This is the first section that is narrated in a linear fashion. UP of Mississippi, Benjy also reports that his father smells like rain Faulkner 79and he even seems capable of smelling death.
At Harvard, he is enrolled in a psychology class, a course which concerns itself with the study of the mind. Quentin Compson is above all a thinking man. The work brings with it its own form; anything the wants to add is rejected, and what he himself would like to reject is thrust back at him.
Candace "Caddy" Compson — the second Compson child, strong-willed yet caring. She has seen through the false concept of honor and the superficiality of the entire so-called aristocratic world.
Benjy again when he comes into her room crying, and she first tries to comfort him with the smell of perfume. In her old age she has become an abusive hypochondriac. Jason is also associated with two extremes of feeling throughout the novel: This interweaving and nonlinear structure makes any true synopsis of the novel difficult, especially since the narrators are all unreliable in their own way, making their accounts not necessarily trustworthy at all times.
She becomes the complete realist, someone who simply cannot tolerate the hypocrisy and artificiality and false pride of the Compsons; therefore, she turns to unorthodox behavior in an attempt to assert her own independence and individuality. Jung and the Problem of Literary Evaluation.
Perhaps Faulkner was thinking of his novel The Sound and the Fury when he said this, as it is a book that takes the reader through the same story four times, from the perspective of four different characters — at which point readers just might, with luck and perseverance, have managed to piece together the narrative.
Divided into four sections, the history is narrated by three Compson brothers — Benjamin, Quentin, and Jason — followed by a section by an omniscient narrator.
He claimed this "tragedy of two lost women: It is not a question that Ross and Polk presume to answer easily; indeed, they acknowledge, it raises new questions: Through her we sense the consequences of the decadence and depravity in which the Compsons have lived for decades.
Today, one can scarcely browse through a special Faulkner issue of Mississippi Quarterly without finding at least one or two articles with a psychoanalytic bent. The use of these italics can be confusing, however, as time shifts are not always marked by the use of italics, and periods of different time in each section do not necessarily stay in italics for the duration of the flashback.
The second type of literary work is not the product of intention. Luster turns around to look at Benjy and sees Benjy holding his drooping flower.
Quentin is preparing to go to Harvard, and Mr.
She speaks as if it is just in her being to know. He attempts to claim false responsibility for the pregnancy, lying to his father that he and Caddy have committed incest.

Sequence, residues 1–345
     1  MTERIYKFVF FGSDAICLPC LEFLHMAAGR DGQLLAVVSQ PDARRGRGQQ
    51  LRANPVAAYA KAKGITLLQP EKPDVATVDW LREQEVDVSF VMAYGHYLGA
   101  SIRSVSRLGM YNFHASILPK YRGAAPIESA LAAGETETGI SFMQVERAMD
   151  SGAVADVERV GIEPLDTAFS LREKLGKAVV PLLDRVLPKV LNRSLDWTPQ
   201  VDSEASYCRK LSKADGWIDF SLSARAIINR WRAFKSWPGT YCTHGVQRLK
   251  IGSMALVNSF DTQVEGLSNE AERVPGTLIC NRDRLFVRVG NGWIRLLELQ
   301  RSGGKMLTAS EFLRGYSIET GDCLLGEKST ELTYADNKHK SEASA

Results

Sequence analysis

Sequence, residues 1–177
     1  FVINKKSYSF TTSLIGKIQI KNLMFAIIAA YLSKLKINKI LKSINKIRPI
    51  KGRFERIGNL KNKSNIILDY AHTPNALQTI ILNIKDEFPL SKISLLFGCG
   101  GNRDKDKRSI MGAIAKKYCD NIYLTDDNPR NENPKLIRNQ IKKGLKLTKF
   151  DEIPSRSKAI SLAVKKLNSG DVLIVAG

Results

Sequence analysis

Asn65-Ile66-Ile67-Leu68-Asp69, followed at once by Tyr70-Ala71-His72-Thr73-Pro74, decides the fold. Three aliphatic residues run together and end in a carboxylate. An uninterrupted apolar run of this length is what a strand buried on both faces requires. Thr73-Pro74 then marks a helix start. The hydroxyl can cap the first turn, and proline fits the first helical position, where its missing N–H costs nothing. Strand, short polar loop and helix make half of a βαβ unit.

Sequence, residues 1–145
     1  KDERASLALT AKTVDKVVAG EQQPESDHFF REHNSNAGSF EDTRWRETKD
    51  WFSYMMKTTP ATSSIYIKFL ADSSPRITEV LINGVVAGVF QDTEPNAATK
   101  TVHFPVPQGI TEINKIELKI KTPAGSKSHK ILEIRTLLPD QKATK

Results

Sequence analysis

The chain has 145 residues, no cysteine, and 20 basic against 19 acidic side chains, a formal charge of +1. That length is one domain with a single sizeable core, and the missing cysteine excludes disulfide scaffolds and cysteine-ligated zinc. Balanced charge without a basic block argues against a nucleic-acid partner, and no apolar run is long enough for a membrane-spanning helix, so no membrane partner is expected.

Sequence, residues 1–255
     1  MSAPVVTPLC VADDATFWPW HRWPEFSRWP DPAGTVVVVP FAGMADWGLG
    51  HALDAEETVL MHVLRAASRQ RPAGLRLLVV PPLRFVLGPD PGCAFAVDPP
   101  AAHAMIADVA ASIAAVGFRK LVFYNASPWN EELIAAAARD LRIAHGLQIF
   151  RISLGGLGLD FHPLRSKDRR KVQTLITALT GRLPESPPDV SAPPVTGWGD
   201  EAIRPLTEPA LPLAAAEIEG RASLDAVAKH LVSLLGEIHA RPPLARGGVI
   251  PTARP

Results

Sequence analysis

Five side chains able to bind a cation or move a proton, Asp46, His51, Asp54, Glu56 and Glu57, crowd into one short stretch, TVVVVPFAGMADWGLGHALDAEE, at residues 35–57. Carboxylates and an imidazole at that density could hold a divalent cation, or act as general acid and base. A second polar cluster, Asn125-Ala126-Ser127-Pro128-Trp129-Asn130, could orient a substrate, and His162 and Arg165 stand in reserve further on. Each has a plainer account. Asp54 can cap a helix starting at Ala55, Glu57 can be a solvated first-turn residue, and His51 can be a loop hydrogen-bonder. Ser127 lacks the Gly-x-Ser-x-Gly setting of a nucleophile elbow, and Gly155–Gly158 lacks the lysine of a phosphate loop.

We have no direct view of her — only the reports of Benjy, Quentin, and Jason. Quentin, the oldest child, is a sensitive bundle of neuroses.
Inthe Modern Library ranked The Sound and the Fury sixth on its list of the best English-language novels of the 20th century. Caddy is the only family member who shows any genuine love towards him.
Her acts are performed in an attempt to assert her own individuality against a mother and father who have essentially rejected her or have, in some way, failed her. It contains a page history of the Compson family from to In his soliloquy, Macbeth implies that life is but a shadow of the past and that a modern man, like himself, is inadequately equipped and unable to achieve anything near the greatness of the past.
Thus, these time shifts can often be jarring and confusing, and require particularly close reading. Jason began to cry. Kartiganer and Abadie published Faulkner and Psychology ina collection of Freudian, Lacanian, and feminist essays presented at the Faulkner and Yoknapatawpha Conference.
This idea is further emphasized with his bad investments on cotton, which becomes symbolic to the failing south. Caddy exhibits an intuitive attitude toward knowing in her interactions with each of her siblings, but most distinctively in her interactions with Benjy.
His narrative voice is characterized predominantly by its nonlinearity:In William Faulkner's The Sound and The Fury, Caddy Compson is the anchor character because Faulkner himself is so obsessed with her that he is unable bring her down off a platform enough to write words for her.
A Jungian Analysis of The Sound and the Fury: Faulkner and the Four Functions Edna Brown, St. Louis, Missouri. In a interview for the Paris Review, when asked about whether he’d read the works of Sigmund Freud, William Faulkner responded, “Everybody talked about Freud when I lived in New Orleans, but I have never read him.
Published inThe Sound and the Fury is often referred to as William Faulkner's first work of genius. It was only his fourth novel, yet it is widely considered to be one of the greatest contributions to American literature and one of.
Bleikasten’s Literary Analysis of Faulkner’s The Sound and the Fury By focusing on the figure of Caddy, Bleikasten’s essay works to understand the ambiguous nature of modern literature, Faulkner’s personal interest in Caddy, and the role she plays as a fictional character in relation to both her fictional brothers and her actual readers.
Jason Compson III - The head of the Compson household until his death from alcoholism in Mr. Compson is the father of Quentin, Caddy, Jason IV, and Benjy, and the husband of Caroline. Read an in-depth analysis of Jason Compson III.
Caroline Compson - The self-pitying and self-absorbed wife of. subsequent to The Sound and The Fury ranked in order upon a shelf while I looked at the titled backs of them with a flagging attention which was almost distaste, and upon which each succeeding title registered less and Caddy climbing the pear tree to look in.Download